Six driving laws you probably haven’t heard of when you’re travelling abroad

The UK has seen a number of motoring laws come into place this year.

First up, a pavement parking ban was enforced in the country, while more clean air zones were launched.

But while you might not understand some of the rules in action, wait until you go abroad.

In fact, some regulations are so bonkers that you probably won’t know what to think.

Thanks to the motoring experts at Select Car Leasing, here are six rules you need to be aware of when you’re in another country.

From having a dirty car to driving topless, some of the restrictions could land you in hot water if you’re not too careful.

In Denmark, you must check if your kids are hiding under the car

Graham Conway, General Manager at Select Car Leasing, said: “Most drivers moan at some point or other about motoring laws.

“Not being able to eat a chocolate bar or having to keep music at a reasonable volume – both are covered by the Highway Code.

“There are also obvious rules such as speeding and drink-driving that clearly help keep people safe.

“But this list of regulations from other countries show how crackers driving laws can be.”

Denmark – You must check for kids hiding under the car before setting off

Ahead of any road journey, Danish motorists are required to look underneath their cars before driving off.

The law is said to protect workers using a manhole as well as kids who enjoy playing hide and seek.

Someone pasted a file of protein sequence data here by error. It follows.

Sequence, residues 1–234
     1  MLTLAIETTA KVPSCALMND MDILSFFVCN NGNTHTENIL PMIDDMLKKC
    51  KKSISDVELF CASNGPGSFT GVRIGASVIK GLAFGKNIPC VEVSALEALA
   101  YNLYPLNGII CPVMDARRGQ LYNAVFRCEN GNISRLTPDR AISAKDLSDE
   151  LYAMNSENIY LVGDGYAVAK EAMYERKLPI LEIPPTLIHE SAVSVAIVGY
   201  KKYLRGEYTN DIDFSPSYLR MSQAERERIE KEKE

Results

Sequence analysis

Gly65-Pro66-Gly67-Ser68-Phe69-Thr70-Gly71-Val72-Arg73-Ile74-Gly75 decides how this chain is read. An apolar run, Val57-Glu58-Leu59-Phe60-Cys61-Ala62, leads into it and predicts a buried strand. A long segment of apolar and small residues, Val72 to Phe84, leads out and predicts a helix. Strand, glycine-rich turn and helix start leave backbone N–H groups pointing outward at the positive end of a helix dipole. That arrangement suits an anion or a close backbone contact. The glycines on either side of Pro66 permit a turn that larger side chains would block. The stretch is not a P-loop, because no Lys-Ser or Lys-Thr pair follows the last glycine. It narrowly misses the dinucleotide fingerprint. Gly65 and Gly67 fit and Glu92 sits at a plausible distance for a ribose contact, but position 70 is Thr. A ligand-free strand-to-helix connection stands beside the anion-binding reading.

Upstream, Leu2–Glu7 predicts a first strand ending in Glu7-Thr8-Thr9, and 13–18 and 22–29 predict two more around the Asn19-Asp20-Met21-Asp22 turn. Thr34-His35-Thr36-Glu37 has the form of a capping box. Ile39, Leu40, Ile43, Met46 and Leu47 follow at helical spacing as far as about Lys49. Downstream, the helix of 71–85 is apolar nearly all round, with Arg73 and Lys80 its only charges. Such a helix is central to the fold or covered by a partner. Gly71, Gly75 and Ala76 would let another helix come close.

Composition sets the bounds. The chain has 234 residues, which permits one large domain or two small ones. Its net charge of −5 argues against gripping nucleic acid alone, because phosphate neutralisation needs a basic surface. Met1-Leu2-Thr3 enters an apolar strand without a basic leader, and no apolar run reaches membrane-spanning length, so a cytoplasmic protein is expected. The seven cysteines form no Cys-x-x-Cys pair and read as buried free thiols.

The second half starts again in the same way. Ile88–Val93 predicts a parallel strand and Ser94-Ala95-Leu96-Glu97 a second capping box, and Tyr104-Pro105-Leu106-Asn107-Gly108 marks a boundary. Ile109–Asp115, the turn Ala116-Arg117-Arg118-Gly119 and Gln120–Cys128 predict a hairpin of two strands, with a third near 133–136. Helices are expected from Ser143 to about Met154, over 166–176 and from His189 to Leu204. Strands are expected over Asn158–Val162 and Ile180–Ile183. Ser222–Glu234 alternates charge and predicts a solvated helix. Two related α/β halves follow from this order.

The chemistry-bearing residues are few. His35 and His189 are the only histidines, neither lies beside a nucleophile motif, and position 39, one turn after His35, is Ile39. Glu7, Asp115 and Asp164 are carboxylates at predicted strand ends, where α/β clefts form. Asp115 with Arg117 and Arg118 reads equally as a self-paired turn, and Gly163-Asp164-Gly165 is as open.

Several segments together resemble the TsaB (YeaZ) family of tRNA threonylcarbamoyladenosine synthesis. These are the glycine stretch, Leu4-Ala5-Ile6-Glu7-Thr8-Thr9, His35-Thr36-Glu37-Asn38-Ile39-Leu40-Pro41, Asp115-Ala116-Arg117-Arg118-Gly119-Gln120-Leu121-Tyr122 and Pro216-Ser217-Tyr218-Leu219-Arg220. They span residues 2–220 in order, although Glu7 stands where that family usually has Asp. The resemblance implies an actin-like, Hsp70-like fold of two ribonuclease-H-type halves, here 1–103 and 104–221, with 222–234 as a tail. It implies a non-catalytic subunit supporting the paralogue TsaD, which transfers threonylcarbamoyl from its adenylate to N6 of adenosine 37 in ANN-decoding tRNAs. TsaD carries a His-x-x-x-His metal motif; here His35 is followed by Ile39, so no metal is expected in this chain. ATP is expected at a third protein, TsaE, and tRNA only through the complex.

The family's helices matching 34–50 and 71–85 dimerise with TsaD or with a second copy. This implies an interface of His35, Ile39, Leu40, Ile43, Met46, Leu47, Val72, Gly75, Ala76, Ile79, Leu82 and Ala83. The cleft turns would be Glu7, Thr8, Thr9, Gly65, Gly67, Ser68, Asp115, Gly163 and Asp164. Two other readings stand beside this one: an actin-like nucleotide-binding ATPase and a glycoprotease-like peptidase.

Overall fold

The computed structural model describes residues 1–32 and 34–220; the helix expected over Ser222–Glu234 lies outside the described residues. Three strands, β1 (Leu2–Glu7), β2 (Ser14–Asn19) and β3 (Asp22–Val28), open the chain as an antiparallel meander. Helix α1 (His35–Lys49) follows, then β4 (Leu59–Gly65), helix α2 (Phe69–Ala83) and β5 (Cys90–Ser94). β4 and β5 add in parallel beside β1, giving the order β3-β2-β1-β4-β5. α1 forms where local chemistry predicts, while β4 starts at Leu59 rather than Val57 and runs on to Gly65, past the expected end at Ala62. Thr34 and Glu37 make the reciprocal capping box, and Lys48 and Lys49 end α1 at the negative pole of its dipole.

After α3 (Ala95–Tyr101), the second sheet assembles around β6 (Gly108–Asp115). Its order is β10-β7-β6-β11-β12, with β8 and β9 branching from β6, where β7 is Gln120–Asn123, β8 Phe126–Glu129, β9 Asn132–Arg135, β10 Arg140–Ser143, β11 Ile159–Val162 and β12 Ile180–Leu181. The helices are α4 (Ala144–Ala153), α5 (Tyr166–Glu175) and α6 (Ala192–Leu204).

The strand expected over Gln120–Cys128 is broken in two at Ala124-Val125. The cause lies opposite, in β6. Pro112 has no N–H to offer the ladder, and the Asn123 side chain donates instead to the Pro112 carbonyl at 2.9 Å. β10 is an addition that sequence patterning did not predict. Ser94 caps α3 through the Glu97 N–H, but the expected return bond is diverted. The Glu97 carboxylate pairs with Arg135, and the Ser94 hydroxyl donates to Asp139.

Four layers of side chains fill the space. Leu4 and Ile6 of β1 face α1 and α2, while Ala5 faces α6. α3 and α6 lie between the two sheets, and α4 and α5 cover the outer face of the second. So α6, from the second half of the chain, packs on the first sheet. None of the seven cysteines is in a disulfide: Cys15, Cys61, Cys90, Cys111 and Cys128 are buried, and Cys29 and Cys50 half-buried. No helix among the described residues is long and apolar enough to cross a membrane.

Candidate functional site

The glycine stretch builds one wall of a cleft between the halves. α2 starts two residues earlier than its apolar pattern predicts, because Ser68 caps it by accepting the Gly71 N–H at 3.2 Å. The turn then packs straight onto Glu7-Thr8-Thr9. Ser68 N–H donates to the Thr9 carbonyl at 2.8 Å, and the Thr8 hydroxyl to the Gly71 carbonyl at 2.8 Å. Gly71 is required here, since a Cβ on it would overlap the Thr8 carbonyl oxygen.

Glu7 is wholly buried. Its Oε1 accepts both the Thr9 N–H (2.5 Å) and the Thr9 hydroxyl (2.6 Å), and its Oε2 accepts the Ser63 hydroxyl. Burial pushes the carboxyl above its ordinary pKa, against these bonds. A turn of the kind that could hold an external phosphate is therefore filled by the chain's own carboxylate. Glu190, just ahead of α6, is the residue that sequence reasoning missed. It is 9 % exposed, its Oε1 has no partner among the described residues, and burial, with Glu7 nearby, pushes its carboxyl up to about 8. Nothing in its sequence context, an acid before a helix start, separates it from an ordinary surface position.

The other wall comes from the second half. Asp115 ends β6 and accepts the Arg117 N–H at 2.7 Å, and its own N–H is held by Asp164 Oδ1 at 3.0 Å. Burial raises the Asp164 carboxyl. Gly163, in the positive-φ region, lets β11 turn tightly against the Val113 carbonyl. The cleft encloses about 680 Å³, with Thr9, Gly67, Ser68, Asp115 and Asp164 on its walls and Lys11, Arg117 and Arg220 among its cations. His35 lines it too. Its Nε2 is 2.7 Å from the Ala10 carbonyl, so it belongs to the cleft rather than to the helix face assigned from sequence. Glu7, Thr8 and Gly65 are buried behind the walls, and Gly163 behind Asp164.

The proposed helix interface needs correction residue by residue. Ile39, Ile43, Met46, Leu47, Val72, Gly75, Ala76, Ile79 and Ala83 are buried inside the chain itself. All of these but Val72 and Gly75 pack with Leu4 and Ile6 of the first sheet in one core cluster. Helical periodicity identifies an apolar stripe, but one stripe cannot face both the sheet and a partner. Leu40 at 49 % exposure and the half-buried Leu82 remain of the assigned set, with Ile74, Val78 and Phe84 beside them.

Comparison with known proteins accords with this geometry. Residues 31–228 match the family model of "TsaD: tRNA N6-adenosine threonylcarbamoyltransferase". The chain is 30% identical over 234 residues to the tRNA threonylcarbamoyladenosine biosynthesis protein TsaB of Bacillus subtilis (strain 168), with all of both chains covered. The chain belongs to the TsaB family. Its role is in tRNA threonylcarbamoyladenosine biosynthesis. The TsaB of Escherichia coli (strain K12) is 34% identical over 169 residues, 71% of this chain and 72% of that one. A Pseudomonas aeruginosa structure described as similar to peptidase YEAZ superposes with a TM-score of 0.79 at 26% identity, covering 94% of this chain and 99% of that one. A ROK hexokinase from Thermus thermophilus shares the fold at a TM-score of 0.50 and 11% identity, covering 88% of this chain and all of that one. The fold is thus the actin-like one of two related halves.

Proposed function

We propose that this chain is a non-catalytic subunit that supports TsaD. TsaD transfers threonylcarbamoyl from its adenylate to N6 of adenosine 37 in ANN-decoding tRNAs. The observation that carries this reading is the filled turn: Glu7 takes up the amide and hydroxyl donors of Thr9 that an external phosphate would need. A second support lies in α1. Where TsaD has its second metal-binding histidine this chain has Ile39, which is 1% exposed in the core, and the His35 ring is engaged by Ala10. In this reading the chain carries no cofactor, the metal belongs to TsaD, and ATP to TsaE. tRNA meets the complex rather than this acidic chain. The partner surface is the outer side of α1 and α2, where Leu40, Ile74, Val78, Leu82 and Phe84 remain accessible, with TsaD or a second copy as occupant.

United States – It’s illegal to buff or dry your car using underpants

The San Francisco law only applies to commercial vehicles so private car owners can employ their undies to achieve a good shine.

And it’s only used underwear, which is probably more for reasons of decency than anything else.

Russia & Belarus – You can be fined for having a dirty car

Keeping any vehicle clean and tidy makes sense so it runs efficiently and is more pleasant to drive.

But in some Eastern European countries this is taken a step further, as you could be landed with a hefty fine for having a filthy car.

Finland – Motorists must have their headlights on 24/7

Even if it’s a bright day and they’re wearing sunglasses to avoid the glare, Finish drivers must have their headlights on at all times.

The law is a result of their long winter periods where there is no daylight for weeks on end.

Man driving around topless
Driving around topless in Thailand isn’t allowed

Want all the biggest Lifestyle news straight to your inbox? Sign up for our free Daily Star Hot Topics newsletter

The Philippines – You can only drive on certain days due to your reg plate

This is to prevent heavy traffic building up in the capital Manilla and uses the last digit of the licence plate to impose restrictions.

For example, those ending in a 1 or a 2 are banned from driving in Metro Manilla on a Monday.

Thailand – It’s illegal to drive topless

Stripping off on hot days might seem a perfectly reasonable thing to do, but not in Thailand where it could land you in trouble.

It’s applicable to both men and women, and even covers those on bicycles, mopeds and tuk-tuks.


Please enter your comment!
Please enter your name here